Snorting cacao powder is now a thing. It’s called Coco Loko. (You can buy your 1.25-ounce can for $24.99.) An Orlando-based company called Legal Lean came up with the idea two years ago—to snort the same chemicals that exist in energy drinks for a high that lasts up to an hour. Founder Nick Anderson was inspired by the “chocolate-snorting trend” he’d heard about in Europe. He stated the effects were “almost like an energy-drink feeling, like you’re euphoric but also motivated to get things done.” The idea behind the powder was to create the drug-free version of “lean”—a cough-syrup cocktail made with promethazine or codeine, also known as “purple drank.” Anderson stated he uses Coco Loko for music festivals, long car rides, and “those types of social situations when you feel anxious.” Source: Washington Post and focusing solely on electric motors. The company plans to release five new models between 2019 and 2021—three will be Volvos and two would be branded as Polestar. BMW also has plans to release an electric version of its 3 series in September. Source: Reuters In June, 101-year-old Julia Hawkins became the champion in the 100-yard dash in her age group (women 100 and older). Known as “Hurricane Hawkins,” her record for the dash—39.62 seconds—was set at the National Senior Games in Birmingham, Alabama. She also competed in the 50-yard dash, where she out-ran competitors at least 10 years younger than she is, clocking in at 18.31 seconds. Hawkins just recently picked up running as a hobby, when she turned 100. Source: AP News In early June, the US Supreme Court removed a North Carolina law that banned sex offenders from social media sites such as Facebook and Twitter. The law, implemented in 2008, made it a felony for sex offenders to use online social media services that could lead to communication with minors. “To foreclose access to social media altogether is to prevent the user from engaging in the legitimate exercise of First Amendment rights,” Justice Anthony Kennedy wrote. “Even convicted criminals—and in some instances, especially convicted criminals—might receive legitimate benefits from these means for access to the world of ideas, in particular if they seek to reform and to pursue lawful and rewarding lives.” Source: Reuters, Washington Post The most expensive House race in history occurred in June with candidates and outside groups spending about $55 million. Republican Karen Handel, the winner, and Democrat Jon Ossoff ran in a special election for a Georgia House seat. The seat was formerly held by Tom Price, who left to take on a new role as the health and human services secretary in Trump’s administration. Ossoff raised $23.6 million from his campaign, while Handel raised $4.5 million. Fifty-six percent of Handel’s donations came from Georgia. California and New York funded the majority of contributions for Ossoff. Handel also received $25 million support from party committees and “super PACs” mostly in advertising against the Democrat side. The cost of the 2017 race was nearly double the amount of the last House race, which was in Florida in 2012. Source: CNN, BBC, New York Times Compiled by Diana Waldron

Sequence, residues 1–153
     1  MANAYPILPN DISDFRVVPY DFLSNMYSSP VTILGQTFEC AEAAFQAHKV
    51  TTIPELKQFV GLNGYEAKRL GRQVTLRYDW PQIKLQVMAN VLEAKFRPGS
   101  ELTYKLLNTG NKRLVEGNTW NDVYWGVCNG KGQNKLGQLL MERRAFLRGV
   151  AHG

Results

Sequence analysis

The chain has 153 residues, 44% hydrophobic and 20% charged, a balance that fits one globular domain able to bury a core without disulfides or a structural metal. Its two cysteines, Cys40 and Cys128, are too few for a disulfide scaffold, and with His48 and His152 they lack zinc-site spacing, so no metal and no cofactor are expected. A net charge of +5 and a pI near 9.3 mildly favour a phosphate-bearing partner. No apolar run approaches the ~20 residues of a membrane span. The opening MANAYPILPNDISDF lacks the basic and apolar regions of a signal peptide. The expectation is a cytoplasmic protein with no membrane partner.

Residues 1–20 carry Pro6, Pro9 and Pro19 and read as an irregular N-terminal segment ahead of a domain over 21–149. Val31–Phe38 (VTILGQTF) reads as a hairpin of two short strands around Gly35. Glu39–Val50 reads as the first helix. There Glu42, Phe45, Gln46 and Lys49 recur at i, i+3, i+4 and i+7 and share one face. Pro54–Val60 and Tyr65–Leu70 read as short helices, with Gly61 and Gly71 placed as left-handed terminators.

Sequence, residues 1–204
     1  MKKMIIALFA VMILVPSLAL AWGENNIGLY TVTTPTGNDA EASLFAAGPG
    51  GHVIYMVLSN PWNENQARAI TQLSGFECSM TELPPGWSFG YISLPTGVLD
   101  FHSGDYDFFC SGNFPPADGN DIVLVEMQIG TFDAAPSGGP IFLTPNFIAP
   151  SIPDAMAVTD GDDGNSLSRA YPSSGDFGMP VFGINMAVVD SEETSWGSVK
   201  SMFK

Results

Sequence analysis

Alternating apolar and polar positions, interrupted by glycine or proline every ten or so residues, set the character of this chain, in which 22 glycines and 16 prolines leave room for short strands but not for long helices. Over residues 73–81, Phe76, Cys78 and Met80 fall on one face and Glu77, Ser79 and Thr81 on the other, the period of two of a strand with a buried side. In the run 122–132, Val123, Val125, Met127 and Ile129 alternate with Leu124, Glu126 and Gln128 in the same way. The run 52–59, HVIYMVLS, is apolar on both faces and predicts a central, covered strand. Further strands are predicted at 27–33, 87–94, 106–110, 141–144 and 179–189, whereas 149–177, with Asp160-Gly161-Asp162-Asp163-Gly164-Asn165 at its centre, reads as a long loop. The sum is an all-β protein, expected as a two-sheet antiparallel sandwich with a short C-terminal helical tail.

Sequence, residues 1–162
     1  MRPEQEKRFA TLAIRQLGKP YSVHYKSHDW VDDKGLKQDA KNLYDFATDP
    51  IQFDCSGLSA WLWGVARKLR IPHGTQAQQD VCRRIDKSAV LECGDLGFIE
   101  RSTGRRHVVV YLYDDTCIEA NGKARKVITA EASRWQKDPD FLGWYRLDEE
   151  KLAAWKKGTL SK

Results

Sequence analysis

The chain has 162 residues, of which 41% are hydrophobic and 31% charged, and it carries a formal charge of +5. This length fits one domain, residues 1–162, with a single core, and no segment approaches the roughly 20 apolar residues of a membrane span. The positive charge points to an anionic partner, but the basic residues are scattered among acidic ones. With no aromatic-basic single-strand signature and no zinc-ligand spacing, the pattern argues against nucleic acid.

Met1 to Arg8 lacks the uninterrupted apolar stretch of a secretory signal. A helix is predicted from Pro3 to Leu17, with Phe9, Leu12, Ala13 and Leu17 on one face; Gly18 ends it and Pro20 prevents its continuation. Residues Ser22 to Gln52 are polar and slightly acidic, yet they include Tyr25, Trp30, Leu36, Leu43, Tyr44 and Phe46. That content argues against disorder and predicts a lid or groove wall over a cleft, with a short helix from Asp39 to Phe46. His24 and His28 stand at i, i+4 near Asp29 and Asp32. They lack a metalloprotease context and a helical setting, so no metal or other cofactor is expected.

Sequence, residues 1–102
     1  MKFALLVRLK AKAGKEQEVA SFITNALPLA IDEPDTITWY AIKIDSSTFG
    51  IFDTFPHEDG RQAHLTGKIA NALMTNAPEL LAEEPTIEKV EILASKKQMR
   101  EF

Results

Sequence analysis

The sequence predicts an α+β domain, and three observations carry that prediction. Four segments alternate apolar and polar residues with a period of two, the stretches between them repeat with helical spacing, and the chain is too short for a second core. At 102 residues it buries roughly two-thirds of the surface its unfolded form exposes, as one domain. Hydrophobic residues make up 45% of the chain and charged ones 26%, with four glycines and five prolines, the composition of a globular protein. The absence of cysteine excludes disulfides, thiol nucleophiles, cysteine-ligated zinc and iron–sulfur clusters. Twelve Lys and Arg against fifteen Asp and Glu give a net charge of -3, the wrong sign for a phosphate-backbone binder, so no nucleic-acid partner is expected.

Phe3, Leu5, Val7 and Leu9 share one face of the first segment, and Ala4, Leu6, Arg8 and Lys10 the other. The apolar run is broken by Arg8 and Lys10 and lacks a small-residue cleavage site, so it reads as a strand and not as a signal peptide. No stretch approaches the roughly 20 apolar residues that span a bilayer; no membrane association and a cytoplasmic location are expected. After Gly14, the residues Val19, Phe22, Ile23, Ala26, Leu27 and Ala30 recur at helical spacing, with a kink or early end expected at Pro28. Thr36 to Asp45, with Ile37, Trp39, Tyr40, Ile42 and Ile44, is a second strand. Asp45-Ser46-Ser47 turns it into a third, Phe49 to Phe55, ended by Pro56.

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PIANO FESTIVAL Anna Polonsky/Orion Weiss, duo piano – January 14, 2018 Roman Rabinovitch, piano – January 28, 2018 Charlie Albright, piano – February 11, 2018 Inon Barnatan, piano – March 4, 2018 SPRING CONCERTS Jason Vieaux, guitar – March 18, 2018 Parker String Quartet with Charles Neidich, clarinet – April 8, 2018 Harlem String Quartet with Michael Brown, piano – April 29, 2018 Calidore String Quartet – March 20, 2018 All concerts are at 4pm at the Howland Cultural Center, 477 Main Street, Beacon, NY FOR MORE INFORMATION AND TO PURCHASE TICKETS: HOWLANDMUSIC.ORG • 845-765-3012

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8/17 CHRONOGRAM 25


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26 CHRONOGRAM 8/17


GILLIAN FARRELL

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Larry Beinhart’s Body Politic

BATTERIES VS. HYDROGEN